Advance Care Planning Advice for Family Caregivers

Dr. Allison Applebaum, MSK clinical psychologist and author of "Stand by Me: A Guide to Navigating Modern, Meaningful Caregiving."

Clinical psychologist Dr. Allison Applebaum shares tips and strategies about caregiving for loved ones with cancer in her new book, ‘Stand by Me: A Guide to Navigating Modern, Meaningful Caregiving.’ “Most of us don’t choose suffering," she says, "but we do have control over how we choose to respond to situations we’re in.”

Few people understand the enormous challenges family caregivers of loved ones with cancer face better than clinical psychologist Allison Applebaum, PhD. She founded the Caregivers Clinic at Memorial Sloan Kettering Cancer Center (MSK) in 2011, the nation’s first-of-its-kind clinic. It helps people care for loved ones while managing their own emotions and life responsibilities. Dr. Applebaum says every caregiving parent, partner, child, sibling, or friend who is distressed sitting in MSK’s waiting rooms shares a common experience with most of the 53 million unpaid, untrained family caregivers in the United States. “We rarely choose to step into the caregiving role,” she says. “For most of us, it’s given to us.”

What Is Advance Care Planning?

For MSK family caregivers, one of the major stresses is advance care planning — the process of talking about and documenting goals for future healthcare. Dr. Applebaum encourages families to lean into these discussions with their loved ones. “These are conversations that should happen long in advance of caregivers having to make decisions on a patient’s behalf,” she advises. And she helps caregivers guide these difficult, but important, conversations, teaching them evidence-based communication tools and techniques developed at MSK. Now, she’s making those practical tips and takeaways from the Caregivers Clinic available to everyone in her new book, Stand by Me: A Guide to Navigating Modern, Meaningful Caregiving.

The book features additional insights from her own experience as a family caregiver for her father, famed musician Stanley Applebaum, at the end of his life. Even an expert can’t avoid the emotional ups and downs, she says, but caregiving brings new opportunities to connect to what’s meaningful in life.

Book cover: Stand by Me: A Guide to Navigating Modern, Meaningful Caregiving.

The takeaways in Dr. Applebaum’s book are drawn from the Caregivers Clinic she founded, along with her experience as a family caregiver for her father.

“Most of us don’t choose suffering, but we do have control over how we choose to respond to situations we’re in,” she says. It’s a lesson in courage she applies to advance care planning. In addition to helping a loved one, having the courage to start difficult conversations greatly benefits caregivers. It lessens anxiety and guilt, and has been shown to have a positive impact on caregivers’ emotional health.

Here, Dr. Applebaum shares tips and strategies to help family caregivers guide these important conversations.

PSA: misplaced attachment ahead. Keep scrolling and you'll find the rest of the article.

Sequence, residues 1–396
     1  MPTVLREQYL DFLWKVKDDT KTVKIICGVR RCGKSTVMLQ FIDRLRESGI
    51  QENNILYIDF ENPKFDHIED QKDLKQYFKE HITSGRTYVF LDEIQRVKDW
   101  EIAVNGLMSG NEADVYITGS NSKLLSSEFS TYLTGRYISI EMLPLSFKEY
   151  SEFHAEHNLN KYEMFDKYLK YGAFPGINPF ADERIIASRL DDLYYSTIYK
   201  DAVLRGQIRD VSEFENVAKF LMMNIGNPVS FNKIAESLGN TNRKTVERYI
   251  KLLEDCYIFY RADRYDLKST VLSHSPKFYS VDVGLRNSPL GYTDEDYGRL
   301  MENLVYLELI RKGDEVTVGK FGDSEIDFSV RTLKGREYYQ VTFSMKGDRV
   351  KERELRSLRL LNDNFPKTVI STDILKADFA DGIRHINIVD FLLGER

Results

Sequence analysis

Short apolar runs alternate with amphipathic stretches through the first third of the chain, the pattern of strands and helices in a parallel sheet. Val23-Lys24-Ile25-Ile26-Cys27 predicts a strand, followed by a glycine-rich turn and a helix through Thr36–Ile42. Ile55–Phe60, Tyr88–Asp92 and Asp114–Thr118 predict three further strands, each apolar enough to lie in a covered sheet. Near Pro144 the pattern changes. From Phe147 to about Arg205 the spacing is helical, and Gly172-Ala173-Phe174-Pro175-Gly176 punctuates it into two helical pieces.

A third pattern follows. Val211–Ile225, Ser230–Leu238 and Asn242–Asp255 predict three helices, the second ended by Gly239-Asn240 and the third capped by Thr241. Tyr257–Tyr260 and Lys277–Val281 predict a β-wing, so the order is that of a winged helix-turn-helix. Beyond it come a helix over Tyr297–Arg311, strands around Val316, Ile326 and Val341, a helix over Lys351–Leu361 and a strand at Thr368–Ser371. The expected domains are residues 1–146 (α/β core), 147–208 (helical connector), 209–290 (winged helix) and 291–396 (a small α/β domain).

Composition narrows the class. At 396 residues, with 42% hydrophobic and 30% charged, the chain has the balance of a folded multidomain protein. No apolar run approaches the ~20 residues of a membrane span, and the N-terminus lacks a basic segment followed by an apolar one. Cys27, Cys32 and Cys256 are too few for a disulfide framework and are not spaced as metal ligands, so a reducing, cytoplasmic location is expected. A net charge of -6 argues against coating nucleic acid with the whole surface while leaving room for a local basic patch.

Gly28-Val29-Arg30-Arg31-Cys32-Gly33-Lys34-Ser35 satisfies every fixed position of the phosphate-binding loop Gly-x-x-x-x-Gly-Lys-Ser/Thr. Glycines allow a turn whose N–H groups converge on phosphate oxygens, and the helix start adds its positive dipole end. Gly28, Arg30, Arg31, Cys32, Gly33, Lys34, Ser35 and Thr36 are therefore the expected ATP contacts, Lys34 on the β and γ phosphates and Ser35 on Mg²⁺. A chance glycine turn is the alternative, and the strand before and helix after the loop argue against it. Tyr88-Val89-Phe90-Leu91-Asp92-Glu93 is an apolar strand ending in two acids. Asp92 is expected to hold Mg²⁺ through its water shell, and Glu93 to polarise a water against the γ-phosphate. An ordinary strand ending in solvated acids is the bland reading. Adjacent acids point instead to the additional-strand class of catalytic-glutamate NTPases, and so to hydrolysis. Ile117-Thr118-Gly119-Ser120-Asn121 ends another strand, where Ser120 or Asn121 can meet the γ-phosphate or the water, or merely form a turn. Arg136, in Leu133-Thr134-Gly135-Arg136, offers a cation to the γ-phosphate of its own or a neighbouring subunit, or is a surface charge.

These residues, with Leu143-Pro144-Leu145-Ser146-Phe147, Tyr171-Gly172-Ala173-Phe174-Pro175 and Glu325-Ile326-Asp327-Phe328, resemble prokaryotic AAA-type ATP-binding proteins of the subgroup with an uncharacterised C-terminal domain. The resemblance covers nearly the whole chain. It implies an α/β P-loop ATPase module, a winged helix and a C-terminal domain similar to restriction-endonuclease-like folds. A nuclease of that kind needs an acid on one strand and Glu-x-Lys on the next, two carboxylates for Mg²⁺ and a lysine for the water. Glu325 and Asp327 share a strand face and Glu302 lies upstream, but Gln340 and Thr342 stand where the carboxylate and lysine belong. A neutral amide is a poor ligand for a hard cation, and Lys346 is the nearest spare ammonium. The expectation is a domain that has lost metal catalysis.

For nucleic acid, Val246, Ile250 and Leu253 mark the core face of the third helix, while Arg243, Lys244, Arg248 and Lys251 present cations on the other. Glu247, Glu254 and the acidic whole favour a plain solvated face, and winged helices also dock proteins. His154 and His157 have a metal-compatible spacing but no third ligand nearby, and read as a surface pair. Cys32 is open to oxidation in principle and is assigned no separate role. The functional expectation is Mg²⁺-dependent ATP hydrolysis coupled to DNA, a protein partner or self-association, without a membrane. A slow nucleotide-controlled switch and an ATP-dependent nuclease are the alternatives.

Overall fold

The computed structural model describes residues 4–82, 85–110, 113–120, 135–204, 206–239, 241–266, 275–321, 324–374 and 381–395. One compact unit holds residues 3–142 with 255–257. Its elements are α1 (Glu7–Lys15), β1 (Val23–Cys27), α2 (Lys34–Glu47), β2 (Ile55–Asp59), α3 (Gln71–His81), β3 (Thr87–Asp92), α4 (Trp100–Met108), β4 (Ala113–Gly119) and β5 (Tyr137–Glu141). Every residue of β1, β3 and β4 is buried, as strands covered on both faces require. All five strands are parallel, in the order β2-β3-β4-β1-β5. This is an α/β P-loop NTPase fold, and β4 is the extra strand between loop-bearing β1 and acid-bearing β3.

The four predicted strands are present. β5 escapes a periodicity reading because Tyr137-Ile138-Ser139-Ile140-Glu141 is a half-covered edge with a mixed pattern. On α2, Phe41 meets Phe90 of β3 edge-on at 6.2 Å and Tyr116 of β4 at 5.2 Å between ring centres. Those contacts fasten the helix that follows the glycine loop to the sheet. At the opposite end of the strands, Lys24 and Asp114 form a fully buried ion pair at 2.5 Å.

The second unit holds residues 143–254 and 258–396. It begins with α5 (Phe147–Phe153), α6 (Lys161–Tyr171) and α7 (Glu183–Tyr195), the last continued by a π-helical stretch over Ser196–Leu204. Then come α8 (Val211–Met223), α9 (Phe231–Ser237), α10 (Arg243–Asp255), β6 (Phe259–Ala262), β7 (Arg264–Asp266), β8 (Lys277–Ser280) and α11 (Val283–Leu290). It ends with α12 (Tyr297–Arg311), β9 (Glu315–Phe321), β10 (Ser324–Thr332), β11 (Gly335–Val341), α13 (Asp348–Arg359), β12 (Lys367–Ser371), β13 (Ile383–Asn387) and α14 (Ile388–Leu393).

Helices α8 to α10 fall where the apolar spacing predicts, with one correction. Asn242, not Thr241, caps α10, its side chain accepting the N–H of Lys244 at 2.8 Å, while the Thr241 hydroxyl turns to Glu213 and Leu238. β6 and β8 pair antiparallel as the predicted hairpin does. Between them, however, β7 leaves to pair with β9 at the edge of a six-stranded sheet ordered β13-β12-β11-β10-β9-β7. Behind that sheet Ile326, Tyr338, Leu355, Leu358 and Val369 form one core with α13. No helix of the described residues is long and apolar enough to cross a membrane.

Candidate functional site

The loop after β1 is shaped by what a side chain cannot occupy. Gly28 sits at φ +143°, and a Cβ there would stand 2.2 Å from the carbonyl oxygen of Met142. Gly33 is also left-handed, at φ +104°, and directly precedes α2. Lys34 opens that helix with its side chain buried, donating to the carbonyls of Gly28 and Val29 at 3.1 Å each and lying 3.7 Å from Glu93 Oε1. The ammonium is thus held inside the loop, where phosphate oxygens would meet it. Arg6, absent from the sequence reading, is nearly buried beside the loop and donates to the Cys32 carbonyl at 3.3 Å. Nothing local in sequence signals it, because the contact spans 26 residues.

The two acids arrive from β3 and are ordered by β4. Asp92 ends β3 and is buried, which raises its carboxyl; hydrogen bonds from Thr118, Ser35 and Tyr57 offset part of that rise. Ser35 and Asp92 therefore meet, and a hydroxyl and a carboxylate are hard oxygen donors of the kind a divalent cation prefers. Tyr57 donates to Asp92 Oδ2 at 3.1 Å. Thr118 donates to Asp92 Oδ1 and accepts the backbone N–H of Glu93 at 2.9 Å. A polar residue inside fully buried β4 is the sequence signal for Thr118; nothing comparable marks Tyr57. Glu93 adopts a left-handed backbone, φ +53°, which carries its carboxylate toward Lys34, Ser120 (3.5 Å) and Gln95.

What are the benefits of advance care planning?

“Advance care planning” is an umbrella term for the process of thinking ahead to goals of care, the choices to be made about treatment, and selecting a healthcare proxy to speak for a patient at a point in the future.

The benefit of advance care planning for a patient with cancer is that it helps to ensure they receive the medical care they want in the future. For example, should the cancer be treated as long as possible? What about quality of life? These are tough conversations, but they bring peace of mind.

The benefit for the caregiver is a shared understanding of the patient’s goals of care and confidence in carrying forward those goals down the line. Advance care planning discussions should be open, honest, and repeated. They give caregivers the opportunity to process information clarify and check their understanding, and feel confident in their decision-making. This is why these conversations are so important.

What are goals of care?

“Goals of care” include the goals patients have for the care they are currently receiving and the care they want to receive in the future. These goals encompass what patients value in terms of their desire to receive care that can save or extend their lives, as well as care that is focused on preserving their quality of life, however long that may be. Goals of care inform treatment choices at every phase of illness — current, near future, and long term. Since goals change over time, these are conversations that will need to be repeated.

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Is having a healthcare proxy enough?

There’s an assumption that advance care planning is accomplished if the patient has signed a Health Care Proxy form, which names a person to make healthcare decisions if the patient isn’t able to communicate. But that form is just one small piece of the puzzle.